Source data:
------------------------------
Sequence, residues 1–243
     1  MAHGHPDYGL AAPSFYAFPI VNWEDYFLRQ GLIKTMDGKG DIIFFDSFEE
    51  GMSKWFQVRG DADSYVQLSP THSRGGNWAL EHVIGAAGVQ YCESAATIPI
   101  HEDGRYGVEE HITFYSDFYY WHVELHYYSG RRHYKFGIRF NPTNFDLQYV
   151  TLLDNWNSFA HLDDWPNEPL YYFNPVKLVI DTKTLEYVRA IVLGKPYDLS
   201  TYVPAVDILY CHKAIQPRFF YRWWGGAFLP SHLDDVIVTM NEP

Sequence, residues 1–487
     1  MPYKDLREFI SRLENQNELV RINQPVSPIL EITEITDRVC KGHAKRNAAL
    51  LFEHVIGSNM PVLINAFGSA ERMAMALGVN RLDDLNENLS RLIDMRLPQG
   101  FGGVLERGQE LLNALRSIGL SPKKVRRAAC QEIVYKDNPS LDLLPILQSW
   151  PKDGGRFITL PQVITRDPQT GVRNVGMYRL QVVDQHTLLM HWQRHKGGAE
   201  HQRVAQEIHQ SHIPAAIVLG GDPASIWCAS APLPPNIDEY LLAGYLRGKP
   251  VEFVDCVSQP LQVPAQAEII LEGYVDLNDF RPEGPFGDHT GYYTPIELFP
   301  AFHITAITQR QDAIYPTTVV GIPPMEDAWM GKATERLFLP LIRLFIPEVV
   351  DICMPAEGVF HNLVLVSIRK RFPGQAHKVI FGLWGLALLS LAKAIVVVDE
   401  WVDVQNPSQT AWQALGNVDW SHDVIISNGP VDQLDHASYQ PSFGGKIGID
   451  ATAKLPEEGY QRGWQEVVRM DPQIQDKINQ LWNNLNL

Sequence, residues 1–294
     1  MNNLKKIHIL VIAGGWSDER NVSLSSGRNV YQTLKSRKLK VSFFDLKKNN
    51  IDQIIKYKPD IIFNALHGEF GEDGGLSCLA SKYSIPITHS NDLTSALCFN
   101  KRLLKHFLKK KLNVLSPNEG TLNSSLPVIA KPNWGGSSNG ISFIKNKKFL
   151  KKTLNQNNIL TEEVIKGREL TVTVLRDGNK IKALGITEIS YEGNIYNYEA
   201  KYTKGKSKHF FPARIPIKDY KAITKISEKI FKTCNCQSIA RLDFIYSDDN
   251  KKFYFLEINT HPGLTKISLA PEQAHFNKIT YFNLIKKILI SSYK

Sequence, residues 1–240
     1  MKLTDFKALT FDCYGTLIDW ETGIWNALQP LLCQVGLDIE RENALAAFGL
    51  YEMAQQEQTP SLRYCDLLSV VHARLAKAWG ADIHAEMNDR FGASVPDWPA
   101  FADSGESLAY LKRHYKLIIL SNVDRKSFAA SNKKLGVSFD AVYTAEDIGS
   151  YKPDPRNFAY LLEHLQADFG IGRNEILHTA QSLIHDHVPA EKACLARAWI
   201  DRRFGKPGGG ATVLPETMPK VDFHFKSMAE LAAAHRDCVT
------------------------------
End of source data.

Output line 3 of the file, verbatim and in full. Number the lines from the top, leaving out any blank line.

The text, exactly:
    51  GMSKWFQVRG DADSYVQLSP THSRGGNWAL EHVIGAAGVQ YCESAATIPI